15. Learn a poem by heart. I’m not sure why it’s important, but trust me, it is. In college I memorized Theodore Roethke’s I Knew a Woman, and every time I recite that poem something stirs deep within me. It’s not meant to be explicable, just experienced. “She moved in circles, and those circles moved.” Delightful!
16. Avoid socializing with emotional vampires. I first saw that term used years ago in a Harlan Ellison book where he recommended this, and experience has taught me the wisdom in this statement. You have to recognize that there are people you can’t save. Often these people don’t want to be saved or merely exist by feeding on the kindness shown to them by their friends and family members. In the end they will suck you dry of your money, your love, or your mental well-being, leaving you a drained corpse while they move on to their next victim. Whether it’s a family member or friend, run don’t walk away from these people and cut them out of your life.
17. Memorize the NATO Phonetic Alphabet. Not only does it sound charlie-oscar-oscar-lima when you say it, it also helps people understand you when you’re talking on the phone. I find it ironic that while telephones have improved and become more mobile thanks to the invention of the cell phone and its evolution into the smartphone, call quality hasn’t improved. If anything it’s gotten worse, so knowing the phonetic alphabet will help you order the right item on a website, or help guarantee your name is spelled correctly on a form.
18. Learn how to ride a motorcycle. Yes they are dangerous. According to a UK study motorcycles have 16 times the rate of serious injuries compared to cars. According to most motorcyclists though, they are at least 16 times more fun to ride. There is nothing quite like the joy of riding a motorcycle on the open road. A motorcycle makes you feel a part of a landscape instead of feeling apart from it, puts you in it instead of seeing it through panes of safety glass in a steel cocoon. While I wouldn’t dream about using a motorcycle to commute to work with on the Schuylkill Expressway in Philadelphia, I’m glad I own one for the occasional times when I just want to escape. Oh, and another thing: You can’t multi-task on a motorcycle. Being on a bike forces you to enjoy the moment in a way a car cannot.
19. Keep a pet. Keeping a pet forces you to think about something else besides yourself. If you’ve never had a pet before start with something small and easy like a goldfish and work your way up. Seriously. Don’t immediately adopt that cute Jack Russell you saw outside the Petsmart; you have to work your way up to high maintenance animals like that. Oh, and never pay for a dog or cat unless its to cover spay/neutering or other vet costs. There is no shortage of these animals, and while I recognize that most breeders are decent people who care about animals, the reality is that the shelters are full of animals needing homes.
20. Live in a foreign country. Nothing teaches you about your own country like living outside of it. Sure you’ll learn about your host country, but you will become a window through which others see yours. You’ll be surprised at what they say and think about your country and your people, and you’ll gain a new perspective on what being a citizen of your country means.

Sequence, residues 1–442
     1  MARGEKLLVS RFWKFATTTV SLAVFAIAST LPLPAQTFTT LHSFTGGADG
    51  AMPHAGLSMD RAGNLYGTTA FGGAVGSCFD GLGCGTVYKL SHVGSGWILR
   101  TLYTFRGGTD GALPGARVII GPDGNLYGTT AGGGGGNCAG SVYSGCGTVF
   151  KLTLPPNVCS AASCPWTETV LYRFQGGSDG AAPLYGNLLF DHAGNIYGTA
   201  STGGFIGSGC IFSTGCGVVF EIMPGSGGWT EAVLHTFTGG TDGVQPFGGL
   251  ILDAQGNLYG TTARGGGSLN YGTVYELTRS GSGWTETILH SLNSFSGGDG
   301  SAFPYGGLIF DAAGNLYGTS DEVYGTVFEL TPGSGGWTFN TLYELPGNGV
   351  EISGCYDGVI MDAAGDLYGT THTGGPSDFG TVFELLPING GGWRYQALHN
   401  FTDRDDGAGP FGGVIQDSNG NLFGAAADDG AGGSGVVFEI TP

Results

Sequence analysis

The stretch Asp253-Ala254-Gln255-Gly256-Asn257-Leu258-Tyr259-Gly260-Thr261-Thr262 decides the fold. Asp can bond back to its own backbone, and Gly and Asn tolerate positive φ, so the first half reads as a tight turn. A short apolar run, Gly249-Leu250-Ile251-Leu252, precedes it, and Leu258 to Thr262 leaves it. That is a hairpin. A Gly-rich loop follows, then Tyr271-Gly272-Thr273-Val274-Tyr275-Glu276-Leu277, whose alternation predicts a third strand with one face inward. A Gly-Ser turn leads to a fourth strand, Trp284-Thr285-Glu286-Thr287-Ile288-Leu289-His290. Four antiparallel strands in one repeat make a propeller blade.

21. Learn how to wait. Most of life isn’t exciting and the fact is you will spend a lot of time waiting. There are several kinds of waiting – waiting for the right man/woman to come into your life, waiting for better times… But the waiting I refer to here is of the more mundane variety such as what to do while waiting in line. The next time you are in line at the grocery store watch what others do while they wait. The majority fidget, checking their phones or the headlines on the tabloids. Hardly anyone relaxes or simply observes the world around them. I’ve been told that veteran soldiers become the masters of handling down times like waiting. They’ve been trained to use the free time to rest their minds, even sleep when possible, so that the next time things get exciting they will be mentally alert. When I’m feeling particularly Zen I like to practice mindful meditation, focus on my breathing and allow the world to happen around me as if I were a leaf on a pond. But since I suck at Zen I struggle just like everyone else. Like all of these items on this list I am learning to perfect this skill which isn’t easy to do since my monkey mind is rather gorilla sized.
22. Study a foreign language. As my friend PJ suggests in the comments, this is a life skill worth trying. I stress “trying” because I’ve never come close to speaking a foreign language fluently the way my friends like PJ or the Wife (who’s fluent in several) have done. Learning a foreign language has many benefits, some more obvious than others depending on circumstances. But regardless of what you study you will see the world from a different perspective, even if you never attain fluency. Take Japanese. I never came close to mastering it, but learning the basics of the language taught me some key assumptions. For example, in most cases “I” is never used and is implied. This ambiguity touches upon the cultural trait of the Japanese stressing the group over the individual. The language also relies upon honorofics, for example the “-san”, “-chan” and “-sama” suffixes that portray the rank of the speaker and whom he or she is speaking to. Japanese conveys the social contexts of the speaker and the listener in ways that are impossible or at best archaic in other languages. Think Downton Abbey for a taste in English.